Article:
without seeing that you´re to blame
of the same thing you accuse.
You fight against her resistance
and then, with a grave face
you said that it was promiscuity
what diligent effort won.
The stubbornness of your crazy ideas
seems to me, from the outside,
that of the child who speaks of the boogeyman
and then is afraid of him.
What temper could be more strange
than of him, who having no advice,
fogs over the mirror himself
and complains that it is fogged?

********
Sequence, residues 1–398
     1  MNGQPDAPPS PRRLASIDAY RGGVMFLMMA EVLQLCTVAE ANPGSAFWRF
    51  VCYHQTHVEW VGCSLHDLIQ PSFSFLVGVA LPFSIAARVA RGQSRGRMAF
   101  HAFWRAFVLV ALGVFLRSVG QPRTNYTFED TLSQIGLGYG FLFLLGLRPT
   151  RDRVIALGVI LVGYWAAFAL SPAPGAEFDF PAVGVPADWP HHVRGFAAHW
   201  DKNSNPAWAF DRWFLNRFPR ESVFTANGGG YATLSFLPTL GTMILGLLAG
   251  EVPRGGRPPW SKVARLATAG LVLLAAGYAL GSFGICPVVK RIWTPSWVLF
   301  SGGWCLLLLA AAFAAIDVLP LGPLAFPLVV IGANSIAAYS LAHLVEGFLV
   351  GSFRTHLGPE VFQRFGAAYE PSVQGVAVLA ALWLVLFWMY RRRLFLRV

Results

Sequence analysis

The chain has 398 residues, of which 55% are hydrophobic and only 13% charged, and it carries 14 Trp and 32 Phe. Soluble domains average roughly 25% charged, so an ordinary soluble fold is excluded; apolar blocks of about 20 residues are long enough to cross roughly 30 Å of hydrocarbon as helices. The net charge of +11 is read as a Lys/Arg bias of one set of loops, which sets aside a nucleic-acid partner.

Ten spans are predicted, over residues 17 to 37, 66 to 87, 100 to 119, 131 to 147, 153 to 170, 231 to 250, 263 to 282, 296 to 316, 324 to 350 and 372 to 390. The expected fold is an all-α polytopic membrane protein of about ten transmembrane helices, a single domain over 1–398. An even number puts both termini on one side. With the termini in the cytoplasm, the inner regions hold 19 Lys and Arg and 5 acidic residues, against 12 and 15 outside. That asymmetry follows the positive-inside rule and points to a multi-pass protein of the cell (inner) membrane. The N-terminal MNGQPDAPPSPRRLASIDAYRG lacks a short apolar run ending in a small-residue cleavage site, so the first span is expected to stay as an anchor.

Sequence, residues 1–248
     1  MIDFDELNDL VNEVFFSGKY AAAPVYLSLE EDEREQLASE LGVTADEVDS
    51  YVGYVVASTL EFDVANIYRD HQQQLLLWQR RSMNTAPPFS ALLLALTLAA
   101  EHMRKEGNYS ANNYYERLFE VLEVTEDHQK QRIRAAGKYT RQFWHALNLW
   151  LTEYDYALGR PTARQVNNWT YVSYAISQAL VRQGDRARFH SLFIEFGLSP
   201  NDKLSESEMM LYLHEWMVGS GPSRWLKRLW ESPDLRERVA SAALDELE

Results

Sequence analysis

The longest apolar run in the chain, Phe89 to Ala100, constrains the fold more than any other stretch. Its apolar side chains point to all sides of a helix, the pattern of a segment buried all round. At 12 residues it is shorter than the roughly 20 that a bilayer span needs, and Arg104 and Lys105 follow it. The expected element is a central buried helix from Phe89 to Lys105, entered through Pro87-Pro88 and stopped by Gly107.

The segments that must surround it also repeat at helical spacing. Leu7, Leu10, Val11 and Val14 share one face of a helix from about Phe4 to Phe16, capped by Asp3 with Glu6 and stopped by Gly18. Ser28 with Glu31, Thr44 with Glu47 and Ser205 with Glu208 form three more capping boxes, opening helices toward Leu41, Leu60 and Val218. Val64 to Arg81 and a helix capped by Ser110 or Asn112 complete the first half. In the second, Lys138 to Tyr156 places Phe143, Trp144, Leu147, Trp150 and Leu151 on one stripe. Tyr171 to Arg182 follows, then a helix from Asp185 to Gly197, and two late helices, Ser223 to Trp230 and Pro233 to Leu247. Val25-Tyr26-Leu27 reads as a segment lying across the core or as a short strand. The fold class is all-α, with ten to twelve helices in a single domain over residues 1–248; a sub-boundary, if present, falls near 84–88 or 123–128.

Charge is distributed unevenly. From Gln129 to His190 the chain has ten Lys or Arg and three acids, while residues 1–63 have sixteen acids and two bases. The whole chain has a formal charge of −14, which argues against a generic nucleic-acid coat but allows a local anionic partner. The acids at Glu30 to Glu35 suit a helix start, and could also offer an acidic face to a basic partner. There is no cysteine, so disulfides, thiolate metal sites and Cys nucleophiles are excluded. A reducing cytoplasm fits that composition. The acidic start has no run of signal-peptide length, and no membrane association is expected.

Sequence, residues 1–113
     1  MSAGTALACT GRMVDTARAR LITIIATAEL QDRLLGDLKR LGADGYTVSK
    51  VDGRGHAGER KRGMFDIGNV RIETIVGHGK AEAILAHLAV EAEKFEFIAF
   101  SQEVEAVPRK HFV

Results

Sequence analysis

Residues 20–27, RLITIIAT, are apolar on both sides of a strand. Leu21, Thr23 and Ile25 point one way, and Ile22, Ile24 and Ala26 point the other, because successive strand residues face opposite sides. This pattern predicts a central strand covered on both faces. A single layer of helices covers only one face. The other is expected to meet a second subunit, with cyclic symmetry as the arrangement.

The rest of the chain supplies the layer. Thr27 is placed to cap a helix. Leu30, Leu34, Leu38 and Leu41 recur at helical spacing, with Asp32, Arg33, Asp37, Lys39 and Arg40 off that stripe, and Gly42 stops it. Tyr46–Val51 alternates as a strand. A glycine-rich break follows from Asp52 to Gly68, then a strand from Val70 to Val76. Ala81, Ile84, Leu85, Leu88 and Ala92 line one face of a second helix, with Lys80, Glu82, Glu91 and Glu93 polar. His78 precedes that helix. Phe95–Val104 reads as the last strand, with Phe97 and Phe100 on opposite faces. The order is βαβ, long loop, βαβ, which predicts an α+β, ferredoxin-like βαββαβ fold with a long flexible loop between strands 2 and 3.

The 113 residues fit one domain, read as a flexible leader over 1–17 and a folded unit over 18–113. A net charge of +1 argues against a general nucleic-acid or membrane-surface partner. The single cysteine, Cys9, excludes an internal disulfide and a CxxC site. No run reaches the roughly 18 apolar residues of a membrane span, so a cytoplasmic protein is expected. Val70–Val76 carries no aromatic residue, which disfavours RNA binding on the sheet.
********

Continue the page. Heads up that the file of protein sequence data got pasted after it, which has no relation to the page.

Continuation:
Remember, this was in the mid-1600s! Her thinking and writing was as scandalous as it was unprecedented. As Sor Juana became more famous, there was more and more pressure on her from the Catholic church to stop writing about secular, progressive topics and stick to religious topics. And when the viceroy and vicereine of New Spain were called back to Spain, she found herself without defenders against the staunchly conservative church leaders. One bishop, in particular, had it in for Sor Juana. He published–under the pseudonym Sor Filotea and without Sor Juana’s permission–one of Sor Juana’s writings critical of a 40-year-old sermon by a Jesuit priest, which the bishop had requested she write–in hindsight, an obvious set-up. The full weight of the Catholic hierarchy came down on Sor Juana. She lost access to her books and her writing was restricted to matters relating to religious piety. Among her last writings was a “Respuesta to Sor Filotea” (“Response to Sister Filotea”) in which she advocated for intellectual freedom, arguing that women had a right to education and to acquire knowledge. She wrote that “[o]ne can perfectly well philosophize while cooking supper,” and she justified her secular studies as being a necessary prerequisite to her theological studies and writing.